I had this client — I swear, she has more energy than anyone else I know. I told her she needed to market whatever her secret was for that. Those little energy supplement who-knows-what's-really-in-it things have nothing on her.
But this is not about her energy, however superhuman it may be.
It's about how when she first started working with me, she was doing great with people in person, from the stage, on the phone…
So far so good…
But for some reason, she said, her website was like customer-repellant. She wondered why that might be.
She was branding herself as an expert in a very small niche with a very specific focus. She had some fairly high level packages and products with correspondingly high price points.
Selling 'em wasn't her issue, unless people went to her website. If they'd buy from her without going to her site, it was fine. If they went to her site first, no sale. So clearly, the site was a problem.
I popped over to her site, and the answer was immediately obvious.
The website was a freebie site. And it looked like it.
You know the kind — it's free to sign up, anyone can do it, no techy knowledge required.
The domain will be something like mydomain.freesite.com and there might be ads in the sidebar or footer that you can't control, and you have limited control over the appearance of the site…
That's where this highly-niched expert had set up her online homebase, all for the sake of saving a few bucks so she wouldn't have to pay someone to set up a non-freebie website for her.
Happens all the time. A hopeful entrepreneur will spend a few grand on an info product about starting her business, but then try to skimp on the costs of actually starting the business, like the website.
File under “Decisions, Unwise.”
Anyway, here's an easy way to tell whether a freebie site is right for you:
Freebie sites are good if — and only if — what you're doing online is also free.
If you hope to earn money from what you're doing online, freebie sites are not for you.
“But isn't there an exception?” Sure. Here's your exception: If you say you want to earn money from your online business but you actually do not want to earn money, then freebie sites are fine.
Attachment to the freebie site is a good gauge of business longevity.
Many of us (me included) started with a freebie site, often because we just didn't know any other way to get started.
What we do once we realize there is a better way available, though, gives a good indication as to the likelihood of our business' longevity.
Entrepreneurs willing to leave the freebie site in favor of a real web solution are promising. Their businesses are far more likely to be around and making strides in 12 to 18 months.
Entrepreneurs who insist on staying with the freebie sites because they're cheap and easy are red flags. Their businesses typically wind up dead in the water within a few months. (Their websites may stay up much longer than that because, hey, they're free after all… but their businesses are long dead.)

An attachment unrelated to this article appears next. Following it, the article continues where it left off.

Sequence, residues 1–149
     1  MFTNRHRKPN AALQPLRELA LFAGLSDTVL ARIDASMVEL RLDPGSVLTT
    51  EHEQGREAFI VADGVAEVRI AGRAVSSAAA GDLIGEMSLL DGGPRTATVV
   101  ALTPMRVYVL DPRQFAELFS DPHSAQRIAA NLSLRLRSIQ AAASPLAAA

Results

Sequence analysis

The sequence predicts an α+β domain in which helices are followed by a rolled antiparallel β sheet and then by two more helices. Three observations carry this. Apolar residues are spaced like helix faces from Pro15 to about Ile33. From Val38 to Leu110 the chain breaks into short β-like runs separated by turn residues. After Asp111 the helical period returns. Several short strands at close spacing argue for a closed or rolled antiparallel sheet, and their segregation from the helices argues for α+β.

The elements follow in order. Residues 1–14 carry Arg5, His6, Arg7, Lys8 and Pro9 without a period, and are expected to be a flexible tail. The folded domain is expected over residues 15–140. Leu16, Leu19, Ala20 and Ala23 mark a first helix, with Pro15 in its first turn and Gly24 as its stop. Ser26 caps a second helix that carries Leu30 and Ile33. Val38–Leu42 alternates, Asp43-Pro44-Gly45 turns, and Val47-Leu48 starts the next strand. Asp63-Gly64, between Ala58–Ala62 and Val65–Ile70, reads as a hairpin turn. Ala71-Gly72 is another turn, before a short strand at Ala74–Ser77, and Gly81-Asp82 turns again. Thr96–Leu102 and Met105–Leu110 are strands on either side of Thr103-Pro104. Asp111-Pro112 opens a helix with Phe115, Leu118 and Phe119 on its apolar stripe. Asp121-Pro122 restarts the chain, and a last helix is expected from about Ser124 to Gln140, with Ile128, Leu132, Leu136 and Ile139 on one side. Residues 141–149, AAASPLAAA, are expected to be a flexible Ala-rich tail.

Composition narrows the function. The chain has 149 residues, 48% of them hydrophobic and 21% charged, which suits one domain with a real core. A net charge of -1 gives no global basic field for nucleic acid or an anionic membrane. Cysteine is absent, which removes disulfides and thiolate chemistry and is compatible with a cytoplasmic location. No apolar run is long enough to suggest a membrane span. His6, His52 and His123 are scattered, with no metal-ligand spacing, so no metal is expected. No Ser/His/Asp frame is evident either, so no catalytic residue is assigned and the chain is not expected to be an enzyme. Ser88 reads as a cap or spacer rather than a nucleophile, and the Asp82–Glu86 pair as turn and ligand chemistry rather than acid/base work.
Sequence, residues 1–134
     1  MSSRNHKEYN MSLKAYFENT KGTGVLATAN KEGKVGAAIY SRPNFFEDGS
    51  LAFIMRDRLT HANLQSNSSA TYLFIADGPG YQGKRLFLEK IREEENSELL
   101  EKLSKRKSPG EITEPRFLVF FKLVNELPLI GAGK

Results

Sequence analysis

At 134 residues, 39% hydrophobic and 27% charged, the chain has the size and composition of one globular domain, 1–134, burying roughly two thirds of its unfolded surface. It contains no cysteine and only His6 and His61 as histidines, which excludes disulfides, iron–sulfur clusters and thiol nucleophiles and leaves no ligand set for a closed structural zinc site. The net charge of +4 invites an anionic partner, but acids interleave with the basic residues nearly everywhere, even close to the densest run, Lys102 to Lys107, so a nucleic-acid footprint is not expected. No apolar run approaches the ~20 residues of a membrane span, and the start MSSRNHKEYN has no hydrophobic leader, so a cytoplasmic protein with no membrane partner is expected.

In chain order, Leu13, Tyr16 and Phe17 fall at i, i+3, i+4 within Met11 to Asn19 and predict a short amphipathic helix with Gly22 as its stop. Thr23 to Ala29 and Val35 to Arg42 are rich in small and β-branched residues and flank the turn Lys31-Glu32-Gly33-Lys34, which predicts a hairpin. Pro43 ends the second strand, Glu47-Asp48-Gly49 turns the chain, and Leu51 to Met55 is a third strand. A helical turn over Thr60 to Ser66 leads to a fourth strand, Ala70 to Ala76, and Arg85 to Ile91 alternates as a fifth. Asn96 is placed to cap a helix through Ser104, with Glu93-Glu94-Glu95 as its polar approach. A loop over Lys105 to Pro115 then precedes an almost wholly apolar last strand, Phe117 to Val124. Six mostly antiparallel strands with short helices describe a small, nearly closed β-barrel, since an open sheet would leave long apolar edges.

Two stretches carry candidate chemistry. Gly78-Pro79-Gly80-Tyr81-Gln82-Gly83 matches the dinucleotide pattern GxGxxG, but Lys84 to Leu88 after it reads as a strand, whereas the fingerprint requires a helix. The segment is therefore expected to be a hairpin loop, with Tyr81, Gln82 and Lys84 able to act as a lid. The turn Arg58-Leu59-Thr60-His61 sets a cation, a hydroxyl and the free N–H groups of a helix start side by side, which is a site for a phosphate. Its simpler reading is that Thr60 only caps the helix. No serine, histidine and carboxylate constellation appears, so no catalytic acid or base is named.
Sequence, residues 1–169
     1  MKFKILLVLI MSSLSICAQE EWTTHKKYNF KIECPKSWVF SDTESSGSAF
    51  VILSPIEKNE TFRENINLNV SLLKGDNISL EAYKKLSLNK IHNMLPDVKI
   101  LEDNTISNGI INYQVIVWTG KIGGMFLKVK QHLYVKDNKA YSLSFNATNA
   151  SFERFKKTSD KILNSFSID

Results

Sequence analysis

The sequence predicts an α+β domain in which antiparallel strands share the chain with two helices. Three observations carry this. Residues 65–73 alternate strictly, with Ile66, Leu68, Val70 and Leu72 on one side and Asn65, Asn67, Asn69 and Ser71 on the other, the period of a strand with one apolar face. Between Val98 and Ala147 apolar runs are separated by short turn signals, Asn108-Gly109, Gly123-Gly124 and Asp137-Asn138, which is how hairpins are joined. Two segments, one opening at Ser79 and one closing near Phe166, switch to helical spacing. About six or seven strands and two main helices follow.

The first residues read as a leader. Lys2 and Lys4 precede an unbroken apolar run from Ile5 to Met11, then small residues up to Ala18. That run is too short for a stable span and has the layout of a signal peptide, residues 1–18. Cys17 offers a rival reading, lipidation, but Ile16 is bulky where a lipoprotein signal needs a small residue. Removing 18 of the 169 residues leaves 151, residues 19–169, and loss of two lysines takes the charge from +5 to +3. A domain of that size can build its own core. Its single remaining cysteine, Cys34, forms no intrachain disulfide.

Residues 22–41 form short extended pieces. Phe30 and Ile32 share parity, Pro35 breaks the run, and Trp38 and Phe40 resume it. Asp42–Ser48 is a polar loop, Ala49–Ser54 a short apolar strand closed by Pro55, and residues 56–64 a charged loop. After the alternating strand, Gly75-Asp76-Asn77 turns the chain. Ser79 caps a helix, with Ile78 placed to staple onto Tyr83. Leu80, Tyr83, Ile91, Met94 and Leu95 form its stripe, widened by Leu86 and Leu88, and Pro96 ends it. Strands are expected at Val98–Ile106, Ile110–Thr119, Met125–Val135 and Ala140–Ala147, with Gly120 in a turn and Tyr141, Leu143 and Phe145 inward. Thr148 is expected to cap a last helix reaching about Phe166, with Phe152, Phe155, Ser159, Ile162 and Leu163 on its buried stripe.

Here's the deal: freebie sites confuse your would-be customers, and confused minds do not buy.
On the one hand, you're offering a product or service that's supposed to be valuable to the customer in some way.
But on the other hand your cheap ‘n easy website is a big neon sign proclaiming, “I'm new here! I barely know what I'm doing!”
On the one hand, your cheap ‘n easy website is delivering the clear message, “I did not part with MY money to ensure a clear and cohesive experience for you, my customer, the person I'm purporting to want to serve and help.”
But on the other hand, you're saying, “…But I sure do hope this cheap ‘n easy website convinces you to give me some of YOUR money!”
You're repeatedly delivering conflicting messages to your prospective customers. And as the marketing principle states, “A confused mind says no.”
Using a cheap ‘n easy site to “save money” makes it harder for your business to make money.
You put a barrier between your product or service and the people you're trying to serve.
The “cheap and easy” freebie site winds up costing you time, money, and customers, in the long run.
It's a bit like setting up a lemonade stand in your front yard and trying to convince people that you're running a serious business from it. Your words say “expert-level business,” but your environment says you're not serious about it.
Your website must match the message you're sending your customers. If you're telling them “Expert,” your website needs to tell them that too.
A freebie, cheap ‘n easy site just doesn't cut it.
For my super-energy client, I helped her scope out what she'd need so she could hire a good graphic & web design team, with the goal of getting her online homebase to match her brand, message, and expertise. She did.
A few months down the road, with her new online branding launched, she saw her online conversion rates leap and continue climbing.
Once the message her prospective customers were getting matched the website they were visiting, they weren't confused anymore.
That cheap ‘n easy freebie site was no longer standing in between my client and her customers' ability to say YES to what she was offering.
If you want your customers to view you as an expert, to trust you and the products you create, to believe in you and the services you offer them, then your message and your online environment need to match.
Speaking of energy, I have four dogs with too much of it, so I think it's time to head outside for a game of fetch.
To your well-matched message and online homebase,